The mystery of who created the digital currency Bitcoin might finally have been solved, bringing an end to years of speculation.
Australian businessman Craig Wright has claimed to be the person behind “Satoshi Nakamoto”, the mysterious identity that created much of the technology behind the online cash system. Satoshi Nakamoto’s work in 2008 and 2009 was key to creating the system, but he has always remained anonymous and his work has since stopped.
If Mr Wright’s claim is correct, it will bring to an end years of speculation about the person behind one of the most famous names in internet history.
Mr Wright showed “technical proof” of his identity to the BBC, The Economist and GQ. The publications were shown digitally signed messages sent in the early days of the technology that are linked to Bitcoins that are known to have been owned by Satoshi Nakamoto.
But despite planning to release information that would allow others to verify that he is behind Satoshi Nakamoto, Mr Wright hasn’t made any of that evidence public yet. Though the identity of Satoshi Nakamoto has always been a secret, it is thought that there are relatively simple ways that the person behind it would be able to prove that connection.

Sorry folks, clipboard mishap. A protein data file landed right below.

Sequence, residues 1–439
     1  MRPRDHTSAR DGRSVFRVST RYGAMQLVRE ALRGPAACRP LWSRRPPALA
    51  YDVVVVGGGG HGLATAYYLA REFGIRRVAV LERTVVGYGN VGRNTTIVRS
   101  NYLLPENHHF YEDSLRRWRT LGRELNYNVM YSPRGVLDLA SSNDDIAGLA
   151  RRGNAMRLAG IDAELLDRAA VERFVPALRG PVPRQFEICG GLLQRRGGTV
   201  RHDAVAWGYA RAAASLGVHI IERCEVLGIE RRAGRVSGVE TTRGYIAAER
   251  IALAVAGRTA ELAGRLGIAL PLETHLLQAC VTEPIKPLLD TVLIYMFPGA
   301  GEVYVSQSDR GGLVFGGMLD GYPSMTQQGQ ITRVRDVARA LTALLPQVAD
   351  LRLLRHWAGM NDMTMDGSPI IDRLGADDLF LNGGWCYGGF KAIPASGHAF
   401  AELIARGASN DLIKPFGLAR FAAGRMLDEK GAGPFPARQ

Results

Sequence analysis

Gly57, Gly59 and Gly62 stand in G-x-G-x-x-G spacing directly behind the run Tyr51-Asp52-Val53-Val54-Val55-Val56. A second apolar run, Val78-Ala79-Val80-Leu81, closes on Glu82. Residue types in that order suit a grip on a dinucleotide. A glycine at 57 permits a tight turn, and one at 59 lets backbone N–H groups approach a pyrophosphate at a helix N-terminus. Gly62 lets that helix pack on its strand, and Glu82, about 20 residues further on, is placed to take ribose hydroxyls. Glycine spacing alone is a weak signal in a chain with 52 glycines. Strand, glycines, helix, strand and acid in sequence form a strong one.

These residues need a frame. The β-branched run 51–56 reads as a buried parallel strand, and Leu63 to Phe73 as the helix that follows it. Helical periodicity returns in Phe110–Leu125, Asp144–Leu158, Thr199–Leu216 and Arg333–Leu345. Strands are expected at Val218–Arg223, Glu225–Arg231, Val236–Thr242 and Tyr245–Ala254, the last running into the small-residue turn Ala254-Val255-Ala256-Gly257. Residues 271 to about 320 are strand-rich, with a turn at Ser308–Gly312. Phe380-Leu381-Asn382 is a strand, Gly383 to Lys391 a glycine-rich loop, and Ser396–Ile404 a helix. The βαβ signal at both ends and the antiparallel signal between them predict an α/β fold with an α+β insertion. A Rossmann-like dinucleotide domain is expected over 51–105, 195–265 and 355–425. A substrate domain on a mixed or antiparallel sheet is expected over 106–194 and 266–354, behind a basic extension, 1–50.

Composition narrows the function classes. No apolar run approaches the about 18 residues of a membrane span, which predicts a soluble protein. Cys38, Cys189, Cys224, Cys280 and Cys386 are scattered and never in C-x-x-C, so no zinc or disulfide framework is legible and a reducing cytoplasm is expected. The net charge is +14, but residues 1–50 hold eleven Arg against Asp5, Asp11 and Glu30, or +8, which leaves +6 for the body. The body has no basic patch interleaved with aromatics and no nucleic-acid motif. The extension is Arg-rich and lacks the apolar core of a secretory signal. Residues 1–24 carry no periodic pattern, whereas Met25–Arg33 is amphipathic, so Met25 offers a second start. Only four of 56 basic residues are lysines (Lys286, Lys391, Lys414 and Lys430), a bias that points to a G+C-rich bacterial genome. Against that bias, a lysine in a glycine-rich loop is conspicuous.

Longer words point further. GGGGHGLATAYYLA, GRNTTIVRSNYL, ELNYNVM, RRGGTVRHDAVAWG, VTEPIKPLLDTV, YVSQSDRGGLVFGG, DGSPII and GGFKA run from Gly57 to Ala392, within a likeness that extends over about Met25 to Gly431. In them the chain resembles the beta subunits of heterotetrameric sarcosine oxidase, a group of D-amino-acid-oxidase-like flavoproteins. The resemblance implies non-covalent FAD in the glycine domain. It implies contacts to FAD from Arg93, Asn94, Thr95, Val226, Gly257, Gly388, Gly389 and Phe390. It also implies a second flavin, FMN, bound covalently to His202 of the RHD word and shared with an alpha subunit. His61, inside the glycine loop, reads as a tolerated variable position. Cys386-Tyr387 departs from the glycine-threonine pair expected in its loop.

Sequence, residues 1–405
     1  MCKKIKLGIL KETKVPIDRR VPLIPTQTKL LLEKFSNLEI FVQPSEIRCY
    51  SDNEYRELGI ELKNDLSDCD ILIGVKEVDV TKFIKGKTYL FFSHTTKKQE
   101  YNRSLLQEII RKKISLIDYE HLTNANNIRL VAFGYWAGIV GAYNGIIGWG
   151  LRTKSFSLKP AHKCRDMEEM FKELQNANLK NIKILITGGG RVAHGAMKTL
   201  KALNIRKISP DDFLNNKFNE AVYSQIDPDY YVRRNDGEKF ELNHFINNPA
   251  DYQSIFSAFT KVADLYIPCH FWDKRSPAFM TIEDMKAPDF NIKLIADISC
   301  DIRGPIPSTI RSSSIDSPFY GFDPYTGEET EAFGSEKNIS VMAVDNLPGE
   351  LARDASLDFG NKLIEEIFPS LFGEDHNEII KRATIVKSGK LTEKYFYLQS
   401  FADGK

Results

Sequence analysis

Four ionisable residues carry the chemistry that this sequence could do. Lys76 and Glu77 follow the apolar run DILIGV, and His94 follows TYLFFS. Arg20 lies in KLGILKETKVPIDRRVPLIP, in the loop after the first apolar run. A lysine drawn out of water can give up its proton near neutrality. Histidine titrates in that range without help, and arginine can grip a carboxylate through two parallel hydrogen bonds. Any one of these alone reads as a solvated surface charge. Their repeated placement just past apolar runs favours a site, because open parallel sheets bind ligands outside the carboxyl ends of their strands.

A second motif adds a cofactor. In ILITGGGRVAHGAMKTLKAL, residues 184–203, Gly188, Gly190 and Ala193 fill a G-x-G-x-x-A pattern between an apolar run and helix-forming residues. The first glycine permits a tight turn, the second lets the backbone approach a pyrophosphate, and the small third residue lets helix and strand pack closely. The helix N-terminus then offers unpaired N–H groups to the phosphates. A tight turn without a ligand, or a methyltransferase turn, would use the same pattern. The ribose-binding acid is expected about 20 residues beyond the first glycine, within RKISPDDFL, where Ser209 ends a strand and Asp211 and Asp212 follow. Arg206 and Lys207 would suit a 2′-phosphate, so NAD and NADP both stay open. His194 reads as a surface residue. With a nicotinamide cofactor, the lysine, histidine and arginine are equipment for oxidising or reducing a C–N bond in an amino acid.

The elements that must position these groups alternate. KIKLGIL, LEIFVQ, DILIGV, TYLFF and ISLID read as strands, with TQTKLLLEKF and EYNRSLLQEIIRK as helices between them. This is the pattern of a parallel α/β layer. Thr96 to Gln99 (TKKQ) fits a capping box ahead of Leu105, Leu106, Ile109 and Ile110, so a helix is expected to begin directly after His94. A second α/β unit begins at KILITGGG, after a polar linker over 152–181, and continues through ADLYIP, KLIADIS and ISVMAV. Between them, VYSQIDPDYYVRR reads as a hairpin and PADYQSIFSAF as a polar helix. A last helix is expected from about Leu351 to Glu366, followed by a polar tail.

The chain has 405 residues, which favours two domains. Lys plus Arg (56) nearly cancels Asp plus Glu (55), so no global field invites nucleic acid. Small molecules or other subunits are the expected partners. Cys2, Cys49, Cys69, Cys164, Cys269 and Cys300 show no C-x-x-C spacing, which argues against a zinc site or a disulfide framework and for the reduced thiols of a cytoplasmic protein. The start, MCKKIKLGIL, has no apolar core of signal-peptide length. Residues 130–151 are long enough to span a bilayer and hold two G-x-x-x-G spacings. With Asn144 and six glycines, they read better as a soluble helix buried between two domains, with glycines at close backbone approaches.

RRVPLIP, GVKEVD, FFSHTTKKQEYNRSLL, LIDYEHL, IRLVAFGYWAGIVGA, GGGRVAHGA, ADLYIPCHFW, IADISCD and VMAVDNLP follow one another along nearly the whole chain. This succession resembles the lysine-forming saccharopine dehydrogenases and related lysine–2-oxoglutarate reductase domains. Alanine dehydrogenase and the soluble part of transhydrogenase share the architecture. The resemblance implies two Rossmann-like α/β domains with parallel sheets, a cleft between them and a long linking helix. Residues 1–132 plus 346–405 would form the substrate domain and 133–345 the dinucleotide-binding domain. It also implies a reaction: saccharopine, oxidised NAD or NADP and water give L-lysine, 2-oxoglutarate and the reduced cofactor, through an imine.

People involved in Bitcoin have said that they were convinced by the evidence that Mr Wright presented.
"During the London proof sessions, I had the opportunity to review the relevant data along three distinct lines: cryptographic, social, and technical," Jon Matins, one of the founding directors of the Bitcoin Foundation, wrote in a blog post about his relationship with Satoshi Nakamoto. "It is my firm belief that Craig Wright satisfies all three categories."
Mr Wright became one of the prime candidates for being Bitcoin’s inventor after emails from him were leaked late last year. At that time, Wired wrote that he had “either invented bitcoin or is a brilliant hoaxer who very badly wants us to believe he did”, and many were unconvinced by the reports.
Those reports forced Mr Wright to admit that he is the creator of the currency, he appeared to suggest to the BBC.
"I have not done this because it is what I wanted,” he said. “It's not because of my choice.”
He said that he didn’t intend to become the public face of Bitcoin, and that he would have preferred to stay anonymous.
Mr Wright was the subject of investigations after the release of the emails in December last year. He told the BBC that he was still cooperating with the Australian Tax Office.
If Mr Wright truly is Satoshi Nakamoto, he could have a huge net worth. The person behind the identity is thought to have about one million Bitcoins from the early days of the technology, worth about $450m (£30m) at current prices.
But he is far from the first person to have been named as being behind the technology. In 2014, for instance, a man called Dorian Satoshi Nakamoto was named by Newsweek as being behind his online namesake – but that was later denied, and an account associated with the more famous Satoshi Nakamoto sent a very rare message denying that he was Dorian.
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